[00:21:58]and I'm actually everyday Lear learning new ones. So yeah. You or anyone that's hearing this in the future has something to let me know a new tool that works or an old tool that works really good. That I should try. I'd love to hear it.
Yeah, we have a lot of our table fans that listen to this podcast.
[00:22:19] I know. So they're going to be happy to hear that. And obviously our team or partner make pad, and we have countless Sorrells in the site, which involve add table. We just think it's a really good tool that sits in the middle of any number of posts that you might have. What are some of the things that you use add several for either in Palabra or personally.
In palabra, we're using it mostly for our internal management. So for example, if I want to take a vacation, then I'll fill out in our table form and that will automatically update our calendar and our employee directory, to make sure that we're keeping track of everything payments. We are also handling over there.
[00:22:58]on a personal note, I'm using it more as a database for people who I'm talking to. that, notion, I don't know if notion counts as an OCO tool, but I'm using it a lot.
it does. It
does. All right. So the notion is definitely one of my favorite ones in the stack right now. I'm using, yeah.
[00:23:19] To keep track of conversations I'm having, because I started having so many, I'm mostly talking to people like most of my week. He's on calls, and, getting to know founders, I'm getting to know marketers or product developer, product owners, program managers, even developers sometimes. so to keep track of everything, I'm using a few air table basis.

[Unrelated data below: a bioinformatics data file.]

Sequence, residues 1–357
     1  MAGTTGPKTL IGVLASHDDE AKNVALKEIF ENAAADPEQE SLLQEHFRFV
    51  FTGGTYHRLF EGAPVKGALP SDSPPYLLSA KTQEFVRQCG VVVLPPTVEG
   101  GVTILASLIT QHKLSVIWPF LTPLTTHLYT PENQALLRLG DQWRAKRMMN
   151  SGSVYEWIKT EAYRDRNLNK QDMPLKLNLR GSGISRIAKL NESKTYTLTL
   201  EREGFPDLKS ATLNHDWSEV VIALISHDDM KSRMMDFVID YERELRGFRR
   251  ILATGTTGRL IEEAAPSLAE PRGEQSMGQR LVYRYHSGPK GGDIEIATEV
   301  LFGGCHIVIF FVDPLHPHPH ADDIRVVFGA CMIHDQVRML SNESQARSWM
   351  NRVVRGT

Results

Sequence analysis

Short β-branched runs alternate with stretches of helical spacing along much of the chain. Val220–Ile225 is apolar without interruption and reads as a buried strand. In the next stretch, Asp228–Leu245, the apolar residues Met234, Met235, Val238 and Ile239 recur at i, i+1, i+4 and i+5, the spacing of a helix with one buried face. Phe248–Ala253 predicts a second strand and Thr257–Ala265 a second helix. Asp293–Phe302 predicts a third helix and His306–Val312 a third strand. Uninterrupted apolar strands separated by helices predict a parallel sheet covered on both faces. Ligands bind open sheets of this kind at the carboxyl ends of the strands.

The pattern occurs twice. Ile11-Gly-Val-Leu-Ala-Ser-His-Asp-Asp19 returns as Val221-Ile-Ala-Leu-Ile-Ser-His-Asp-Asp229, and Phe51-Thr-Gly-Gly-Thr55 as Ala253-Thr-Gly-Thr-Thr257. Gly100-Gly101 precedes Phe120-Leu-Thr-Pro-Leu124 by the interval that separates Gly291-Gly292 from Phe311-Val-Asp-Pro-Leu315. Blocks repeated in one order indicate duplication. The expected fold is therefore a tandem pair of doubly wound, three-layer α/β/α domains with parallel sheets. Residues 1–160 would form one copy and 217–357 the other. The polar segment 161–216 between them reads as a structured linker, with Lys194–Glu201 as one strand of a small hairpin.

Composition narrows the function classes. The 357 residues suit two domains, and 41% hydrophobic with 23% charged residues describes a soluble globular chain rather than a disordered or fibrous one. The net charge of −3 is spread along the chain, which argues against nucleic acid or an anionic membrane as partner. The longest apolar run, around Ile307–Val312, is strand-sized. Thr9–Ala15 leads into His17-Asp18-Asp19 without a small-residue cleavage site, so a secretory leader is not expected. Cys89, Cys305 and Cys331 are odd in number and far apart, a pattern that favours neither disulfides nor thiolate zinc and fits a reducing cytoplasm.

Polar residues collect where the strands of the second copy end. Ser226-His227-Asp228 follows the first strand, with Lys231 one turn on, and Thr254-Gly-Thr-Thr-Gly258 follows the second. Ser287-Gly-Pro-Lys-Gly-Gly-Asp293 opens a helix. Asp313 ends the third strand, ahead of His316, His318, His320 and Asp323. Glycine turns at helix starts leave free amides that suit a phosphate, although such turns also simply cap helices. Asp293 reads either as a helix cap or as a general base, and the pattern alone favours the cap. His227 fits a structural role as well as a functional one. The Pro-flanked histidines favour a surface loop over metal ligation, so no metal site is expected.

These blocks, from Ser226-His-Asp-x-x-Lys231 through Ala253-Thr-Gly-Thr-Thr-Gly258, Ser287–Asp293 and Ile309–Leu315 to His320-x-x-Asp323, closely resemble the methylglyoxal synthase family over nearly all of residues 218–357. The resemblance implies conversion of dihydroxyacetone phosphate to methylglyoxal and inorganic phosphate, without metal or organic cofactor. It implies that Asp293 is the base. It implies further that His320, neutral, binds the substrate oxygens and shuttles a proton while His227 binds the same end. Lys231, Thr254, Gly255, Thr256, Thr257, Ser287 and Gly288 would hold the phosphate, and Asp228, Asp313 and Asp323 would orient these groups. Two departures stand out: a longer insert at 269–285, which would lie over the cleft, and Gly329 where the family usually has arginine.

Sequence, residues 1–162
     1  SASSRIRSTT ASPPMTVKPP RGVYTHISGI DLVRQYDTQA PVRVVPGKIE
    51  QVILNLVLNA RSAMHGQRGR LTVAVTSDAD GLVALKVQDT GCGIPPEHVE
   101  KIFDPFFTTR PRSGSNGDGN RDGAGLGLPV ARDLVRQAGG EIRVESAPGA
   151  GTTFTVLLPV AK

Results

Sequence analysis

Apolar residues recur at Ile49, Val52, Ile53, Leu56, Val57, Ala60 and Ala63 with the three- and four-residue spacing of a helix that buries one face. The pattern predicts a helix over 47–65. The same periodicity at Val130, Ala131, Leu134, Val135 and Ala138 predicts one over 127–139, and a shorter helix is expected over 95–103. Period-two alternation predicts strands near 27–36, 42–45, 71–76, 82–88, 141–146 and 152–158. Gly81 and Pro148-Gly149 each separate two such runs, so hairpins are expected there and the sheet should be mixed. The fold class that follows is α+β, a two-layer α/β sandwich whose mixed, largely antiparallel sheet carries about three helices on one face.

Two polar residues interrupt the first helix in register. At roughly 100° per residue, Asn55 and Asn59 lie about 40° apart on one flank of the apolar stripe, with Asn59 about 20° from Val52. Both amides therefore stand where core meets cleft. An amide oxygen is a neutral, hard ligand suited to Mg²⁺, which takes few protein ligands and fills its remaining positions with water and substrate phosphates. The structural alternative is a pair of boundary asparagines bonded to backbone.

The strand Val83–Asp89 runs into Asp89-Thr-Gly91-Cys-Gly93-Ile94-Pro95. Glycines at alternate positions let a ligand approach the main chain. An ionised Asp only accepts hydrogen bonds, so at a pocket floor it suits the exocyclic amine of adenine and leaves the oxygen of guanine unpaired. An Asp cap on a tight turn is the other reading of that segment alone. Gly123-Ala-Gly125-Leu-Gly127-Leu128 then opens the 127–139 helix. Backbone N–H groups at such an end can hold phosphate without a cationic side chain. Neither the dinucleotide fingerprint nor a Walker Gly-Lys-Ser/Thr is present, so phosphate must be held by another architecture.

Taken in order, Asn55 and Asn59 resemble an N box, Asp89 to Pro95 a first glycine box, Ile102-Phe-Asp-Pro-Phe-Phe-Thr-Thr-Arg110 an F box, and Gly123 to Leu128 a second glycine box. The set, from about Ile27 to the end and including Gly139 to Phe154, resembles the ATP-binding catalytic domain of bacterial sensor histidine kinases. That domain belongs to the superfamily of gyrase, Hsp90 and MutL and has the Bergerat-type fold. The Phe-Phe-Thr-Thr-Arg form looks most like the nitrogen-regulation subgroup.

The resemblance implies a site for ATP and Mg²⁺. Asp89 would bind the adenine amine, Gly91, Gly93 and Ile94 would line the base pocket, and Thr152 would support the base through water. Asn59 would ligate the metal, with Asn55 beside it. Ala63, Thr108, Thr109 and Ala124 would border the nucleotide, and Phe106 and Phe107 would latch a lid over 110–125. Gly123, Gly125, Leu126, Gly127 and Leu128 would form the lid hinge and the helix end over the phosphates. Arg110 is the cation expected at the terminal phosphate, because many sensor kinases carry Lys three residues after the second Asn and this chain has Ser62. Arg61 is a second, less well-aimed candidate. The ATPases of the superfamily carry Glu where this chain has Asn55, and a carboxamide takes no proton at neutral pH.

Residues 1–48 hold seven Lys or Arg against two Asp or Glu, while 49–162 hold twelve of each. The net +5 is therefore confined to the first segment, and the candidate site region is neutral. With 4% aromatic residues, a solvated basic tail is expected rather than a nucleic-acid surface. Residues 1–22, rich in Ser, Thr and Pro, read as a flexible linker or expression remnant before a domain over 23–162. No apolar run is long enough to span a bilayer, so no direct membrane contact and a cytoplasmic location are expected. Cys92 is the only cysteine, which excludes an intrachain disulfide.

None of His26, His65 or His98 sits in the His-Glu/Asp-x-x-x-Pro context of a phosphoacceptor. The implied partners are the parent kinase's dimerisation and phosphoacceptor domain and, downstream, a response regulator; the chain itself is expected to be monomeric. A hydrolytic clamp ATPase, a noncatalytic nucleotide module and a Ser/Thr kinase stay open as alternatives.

[00:23:41]I'd say I have a pretty like beginner use of our table. I haven't even gotten into the maker part to tutorials yet. I still have a lot to learn. but what I usually do is I learn from the, when I need comms. So I'm guessing as, as our processes starts getting more complex, I'll need to learn more things.
Yeah, I think I want to give a shoutout to, Aaron who is a long time friend of make Pat and now works at a table. He has a great course on if for anybody listening wants to maybe build this as it was skills, you can find our automated, all the things, a T t.io. And the essential guide to add table. I highly recommend.
[00:24:28] And then of course, you've got also the story using, I'd say in different workflows, on make part as well. So if anybody out there is looking to upskill on that table, it's a good place to start. Are there any, like anything in the space? Which currently doesn't exist that you wish exists. And while you ponder that question, we've talked previously around the topic of things like testing and uptime and version control to name a few, which happened.
[00:25:00] As part of standard procedure in the normal software engineering and development world, but at present, haven't been translated into the no-code space. Is there anything that you think fits that bill for you right now?